Election on the Web

The Web is also playing a big role in Election 2008 coverage (this is the 21st century after all) and the battle is just a fierce between news organizations to see who can provide the best coverage.

MSNBC, which is using the URL “politics.msnbc.com” in on-air promotions, has leveraged its recent redesign to fuel its election coverage pages.

The main politics page was using a two-column layout to organize Republican and Democratic results and then further breaking them down by state. In addition, MSNBC uses state outline icons heavily to provide a visual cue to its data.


MSNBC places a heavy focus on interactive features, including a matrix that lets you match your views with candidates, a map displaying latest results and delegate counts and a guide to the election process. As is typical of MSNBC.com, these features are very visually appealing but also provide some good information. The king of MSNBC’s interactive is the “Super Dashboard,” which integrates live and taped video, results and headlines into one module.

CNN has branded its online component under the domain cnnpolitics.com, which directs users to its politics section. Taking visual cues from the rest of the also recently redesigned CNN Web site, a dark header creates a distinctive look (and makes the site-wide navigation links a bit hard to read on some screens).

CNN’s layout emphasizes a dramatic photo presentation and stories more than data. Most numbers are placed under the scroll (and also beneath some promo boxes for CNN shows and other content). Although well-organized and clean, CNN’s data presentation lacks some of the visual interest found elsewhere. The trend is repeated on the main CNN.com homepage, which photos and headline scrapes the dominant element and simple data charts below.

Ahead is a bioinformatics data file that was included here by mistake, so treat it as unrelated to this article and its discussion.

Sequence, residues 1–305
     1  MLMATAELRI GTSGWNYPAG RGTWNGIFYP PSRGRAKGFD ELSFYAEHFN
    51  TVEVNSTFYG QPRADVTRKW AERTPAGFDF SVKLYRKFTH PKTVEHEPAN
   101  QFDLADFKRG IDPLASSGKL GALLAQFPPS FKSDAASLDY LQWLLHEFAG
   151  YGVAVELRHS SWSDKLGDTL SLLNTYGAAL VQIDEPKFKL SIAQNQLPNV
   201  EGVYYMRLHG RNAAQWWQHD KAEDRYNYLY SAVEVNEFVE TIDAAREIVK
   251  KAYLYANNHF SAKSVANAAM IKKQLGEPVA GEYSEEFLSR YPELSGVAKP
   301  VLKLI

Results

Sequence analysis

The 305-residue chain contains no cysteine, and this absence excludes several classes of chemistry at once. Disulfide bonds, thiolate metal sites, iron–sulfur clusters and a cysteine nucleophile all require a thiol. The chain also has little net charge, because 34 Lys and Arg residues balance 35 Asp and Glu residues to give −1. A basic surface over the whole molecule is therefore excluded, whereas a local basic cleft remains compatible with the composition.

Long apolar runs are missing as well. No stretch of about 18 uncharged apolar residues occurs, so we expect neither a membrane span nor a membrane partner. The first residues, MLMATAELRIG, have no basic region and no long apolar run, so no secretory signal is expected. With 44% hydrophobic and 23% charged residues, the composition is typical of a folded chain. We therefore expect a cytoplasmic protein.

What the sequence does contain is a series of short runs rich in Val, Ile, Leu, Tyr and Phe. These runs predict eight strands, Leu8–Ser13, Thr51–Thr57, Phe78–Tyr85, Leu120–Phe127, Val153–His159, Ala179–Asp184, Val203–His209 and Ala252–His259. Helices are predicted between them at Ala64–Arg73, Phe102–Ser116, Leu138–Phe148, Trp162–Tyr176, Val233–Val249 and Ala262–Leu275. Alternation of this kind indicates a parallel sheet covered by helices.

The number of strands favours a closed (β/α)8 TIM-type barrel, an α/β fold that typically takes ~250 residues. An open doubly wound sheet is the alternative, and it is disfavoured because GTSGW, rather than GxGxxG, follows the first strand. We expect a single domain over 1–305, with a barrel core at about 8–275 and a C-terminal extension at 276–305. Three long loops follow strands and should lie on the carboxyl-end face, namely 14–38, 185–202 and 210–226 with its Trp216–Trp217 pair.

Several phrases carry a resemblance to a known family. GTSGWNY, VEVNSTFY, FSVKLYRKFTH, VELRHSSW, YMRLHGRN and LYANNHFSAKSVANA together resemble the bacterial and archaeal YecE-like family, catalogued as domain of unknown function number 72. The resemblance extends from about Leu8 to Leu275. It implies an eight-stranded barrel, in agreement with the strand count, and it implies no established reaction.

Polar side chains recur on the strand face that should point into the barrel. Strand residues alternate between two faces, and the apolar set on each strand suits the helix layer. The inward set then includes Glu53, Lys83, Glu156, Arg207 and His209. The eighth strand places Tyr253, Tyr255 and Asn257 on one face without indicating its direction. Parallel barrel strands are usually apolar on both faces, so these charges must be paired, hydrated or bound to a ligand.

Fox News Channel is using the subdomain youdecide08.foxnews.com for its online coverage. The layout of this page seems a bit dated; headline and photo placement could be a bit more refined. A small clickable map directs users to individual state pages, such as Minnesota’s. Again, the layout seems a bit half-hearted, though the data charts are clean and easy to read.


ABCNews.com used its typical layout (which was recently tweaked) to present Super Tuesday news. A rather cluttered section of the Web site showed the hot races but the combination of colors, photos and text seemed to a bit disorganized.


Elsewhere, ABC used drop-down navigation elements to allow viewers to sort by various criteria such as candidate, date and state, and also includes an interactive map as well.


Over at CBSNews.com, the main area on the homepage was divided into two columns, each display the top story from each party along with links to related content beneath; a good approach at highlighting the big news. Well-organized data beneath allows users to dig deeper as they desire.


It’s also interesting to note the box in the upper right that links to other news of the day; since Super Tuesday provided some other breaking news stories outside the political arena.

Inside the politics section, CBS used a traditional photo and headline layout, but has an interesting content module called “Campaign Toolkit” that organizes its calendar, polling data, campaign ads, photo essays and other content under one umbrella.

PBS is using a simple approach with an interactive map, headlines and campaign calendar. While not visually exciting, it is well-targeted to PBS’s demographic and utilizes animated page transitions to pull up voting data as well as linking to past related stories.